Bypassing Bloat

Photo by Brian Yurasits on Unsplash

I am sooo sick of Web bloat. 🙁 Google’s search results now with an AI summation of the topic, for example, then scroll past a full screen of sponsored entries, before finally reaching any actual search results. I’m less annoyed by Facebook’s endless ads, given they’re easily identified and scrolled past, but still, unpleasant.

Yes, dot com means “commerce,” and the commercial Web is what made the Internet public, but yeesh. It’s like more billboards than scenery nowadays.

This recent dive into Linux has revealed some OS-agnostic options to reduce it. The Chromium Project browser is less intrusive (and leaner software than Chrome, Edge, or FireFox), and Startpage.com is a much, much less troublesome search engine.

And software bloat and adware:

Unable to bear Adobe PDF Reader‘s unwelcome influx of offers to add features, or to find its screen capture tool I used for printing shipping labels, I’ve switched to SumatraPDF on Windows and Okular on Linux.

Similarly, I wanted a word proccessor and a spreadsheet reader that didn’t mean installing an entire office suite (I’m looking at you, Microsoft, OpenOffice, and LibreOffice). AbiWord and Gnumeric fill those needs nicely. The first has a Word-like menu bar; the second maintains the F9 function I needed to repopulate Cut Up Solo GM-less oracles.

Some of these may suit your needs as well!

Jonesing for Journey

A few years ago, I bought a PS4 (to play Rock Band 4, a disappointment), and picked up a few other titles, including a couple of walking sims: Dear Esther & Journey.

Dear Esther is gorgeous and emotionally moving. It’s definitely worth playing through a couple of times.

Journey is Zen-like. The graphical design is truly lovely; the musical score is nothing short of remarkable. Playing the game on the PS4 was a wonderful experience, but I didn’t perceive any depth of play that would make it worth playing again.

Until the family got me a Steam Deck, and I tried out the PC version. Not only are there nuances and hidden secrets I had missed, but being connected to Steam online (something I’d used only for backups), I stumbled across another lone traveler making the same journey, and the experience bloomed into something deeper.

Journey is about struggle to reach a mountaintop, and the experience of sometimes coming across a companion to accompany in the struggle is heartwarming. That you’ve no idea who that person is in real life, where they’re located on the globe, what language they speak, makes it even more so. Communication is a simple chirrup, with no more meaning than “Hey!” It’s amazing just how much you can say with one simple sound.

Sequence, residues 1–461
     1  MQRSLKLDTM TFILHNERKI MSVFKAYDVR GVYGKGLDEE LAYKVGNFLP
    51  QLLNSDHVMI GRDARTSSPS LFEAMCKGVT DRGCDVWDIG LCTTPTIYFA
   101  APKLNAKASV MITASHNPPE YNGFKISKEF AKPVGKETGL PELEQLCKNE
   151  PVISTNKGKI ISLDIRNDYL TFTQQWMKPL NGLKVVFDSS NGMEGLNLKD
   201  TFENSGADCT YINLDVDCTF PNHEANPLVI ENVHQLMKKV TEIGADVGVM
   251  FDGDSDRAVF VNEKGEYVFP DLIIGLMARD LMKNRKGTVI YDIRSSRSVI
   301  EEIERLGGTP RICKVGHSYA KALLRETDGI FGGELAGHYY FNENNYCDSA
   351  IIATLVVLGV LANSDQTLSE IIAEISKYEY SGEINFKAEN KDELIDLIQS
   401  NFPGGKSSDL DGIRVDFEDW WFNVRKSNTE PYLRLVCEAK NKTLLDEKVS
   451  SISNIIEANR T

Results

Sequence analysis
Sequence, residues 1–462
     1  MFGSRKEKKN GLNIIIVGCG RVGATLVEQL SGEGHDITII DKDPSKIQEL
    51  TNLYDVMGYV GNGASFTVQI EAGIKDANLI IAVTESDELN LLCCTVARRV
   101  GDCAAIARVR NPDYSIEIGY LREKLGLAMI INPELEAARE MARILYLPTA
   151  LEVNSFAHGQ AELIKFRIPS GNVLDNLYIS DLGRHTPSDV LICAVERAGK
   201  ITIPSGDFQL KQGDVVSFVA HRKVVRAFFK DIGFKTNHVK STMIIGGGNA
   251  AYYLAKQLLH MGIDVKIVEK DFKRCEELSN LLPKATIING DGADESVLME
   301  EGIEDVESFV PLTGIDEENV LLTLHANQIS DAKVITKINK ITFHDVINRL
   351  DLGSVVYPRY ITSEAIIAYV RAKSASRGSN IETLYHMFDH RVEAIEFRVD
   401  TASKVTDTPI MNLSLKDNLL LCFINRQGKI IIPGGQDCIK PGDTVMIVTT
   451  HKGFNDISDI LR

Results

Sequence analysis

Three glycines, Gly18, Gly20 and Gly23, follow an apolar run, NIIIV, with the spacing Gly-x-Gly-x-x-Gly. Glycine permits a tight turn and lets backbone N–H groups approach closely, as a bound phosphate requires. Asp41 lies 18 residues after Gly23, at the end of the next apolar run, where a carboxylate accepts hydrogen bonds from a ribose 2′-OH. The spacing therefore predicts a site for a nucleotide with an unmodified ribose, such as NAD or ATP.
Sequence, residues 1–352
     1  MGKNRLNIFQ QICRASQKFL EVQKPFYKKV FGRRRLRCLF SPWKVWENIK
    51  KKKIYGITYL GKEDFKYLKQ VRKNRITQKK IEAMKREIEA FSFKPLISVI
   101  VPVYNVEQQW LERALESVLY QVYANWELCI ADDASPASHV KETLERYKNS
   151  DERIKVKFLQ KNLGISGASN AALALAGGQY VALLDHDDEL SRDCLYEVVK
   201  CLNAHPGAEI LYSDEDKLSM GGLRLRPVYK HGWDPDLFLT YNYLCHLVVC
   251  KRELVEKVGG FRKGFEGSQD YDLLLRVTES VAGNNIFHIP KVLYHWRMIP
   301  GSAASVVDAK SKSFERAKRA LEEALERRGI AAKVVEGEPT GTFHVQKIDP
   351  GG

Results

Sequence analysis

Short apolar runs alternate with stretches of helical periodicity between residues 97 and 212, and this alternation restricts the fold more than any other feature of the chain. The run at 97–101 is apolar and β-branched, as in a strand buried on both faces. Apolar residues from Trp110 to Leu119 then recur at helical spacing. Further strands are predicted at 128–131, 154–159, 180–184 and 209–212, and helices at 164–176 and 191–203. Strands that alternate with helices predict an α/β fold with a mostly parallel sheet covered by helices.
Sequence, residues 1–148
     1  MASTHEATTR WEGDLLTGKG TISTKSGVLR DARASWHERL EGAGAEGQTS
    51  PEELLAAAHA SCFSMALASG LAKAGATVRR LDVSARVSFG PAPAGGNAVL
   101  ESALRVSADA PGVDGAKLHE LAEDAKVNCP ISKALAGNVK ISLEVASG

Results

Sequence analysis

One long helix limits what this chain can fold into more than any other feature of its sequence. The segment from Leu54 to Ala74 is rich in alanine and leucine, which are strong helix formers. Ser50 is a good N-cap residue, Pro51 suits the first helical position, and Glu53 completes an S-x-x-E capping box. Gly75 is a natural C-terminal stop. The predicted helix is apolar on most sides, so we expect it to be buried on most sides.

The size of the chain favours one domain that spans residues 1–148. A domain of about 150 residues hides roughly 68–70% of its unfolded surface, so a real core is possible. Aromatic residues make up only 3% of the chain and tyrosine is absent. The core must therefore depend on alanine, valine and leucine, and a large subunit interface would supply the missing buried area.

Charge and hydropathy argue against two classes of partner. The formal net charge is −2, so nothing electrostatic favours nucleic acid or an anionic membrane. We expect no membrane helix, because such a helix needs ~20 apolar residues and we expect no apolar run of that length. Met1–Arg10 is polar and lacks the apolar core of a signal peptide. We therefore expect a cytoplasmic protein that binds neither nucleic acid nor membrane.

As to my jonesing, at present I’ve achieved 13 of the 14 trophies. The 14th is “Don’t play the game for a week.” With every passing day, I find that more difficult to avoid. In part, it’s that in Journey I can fly much like in my real-world dreams. But mainly it’s how much I miss meeting newcomers, sojourning with them, and guiding them to hidden empowerments.

I miss the simple, nonjudgmental commonality of that online space, in a shared struggle with a stranger to reach a mountaintop. As one online commenter wrote, “To whomever it was who joined me in Journey last night making heart shapes in the sand, I love you!”

 

So it’s gonna be forever

Today’s episode of “Why’d I wake up with this in my head?”

Maybe it’s that Swift has been so much in the news lately, and the more I learn about her, the more I admire her. Maybe it’s that there are more than one poetically perfect turns of phrase.

I’d honestly forgotten I’d ever even heard this song, but apparently my heart hadn’t. Here’s hoping that’ll last forever.

I love you . . .

Photo by Edward Howell on Unsplash

Often, when I’ve heard a celebrity say, “I love you all,” I’d think, “How is that possible? You’ve never even met me.”

But their saying so always gave me a warm feeling, a little boost. So I’ve often written the same, “I love you all,” in my mailings or blog posts.

Today I read a little message that makes me even more confident about telling you, whether we’ve met or not, I love you.

It’s this: If someone who never met you can hate you for your race, or sexuality, or politics, or whatever reason, if they can hate you sight unseen, then surely you and I can love each other sight unseen.

We’re all in this together. And if doing what we can to make one another’s lives better, if that isn’t love, I don’t know what is.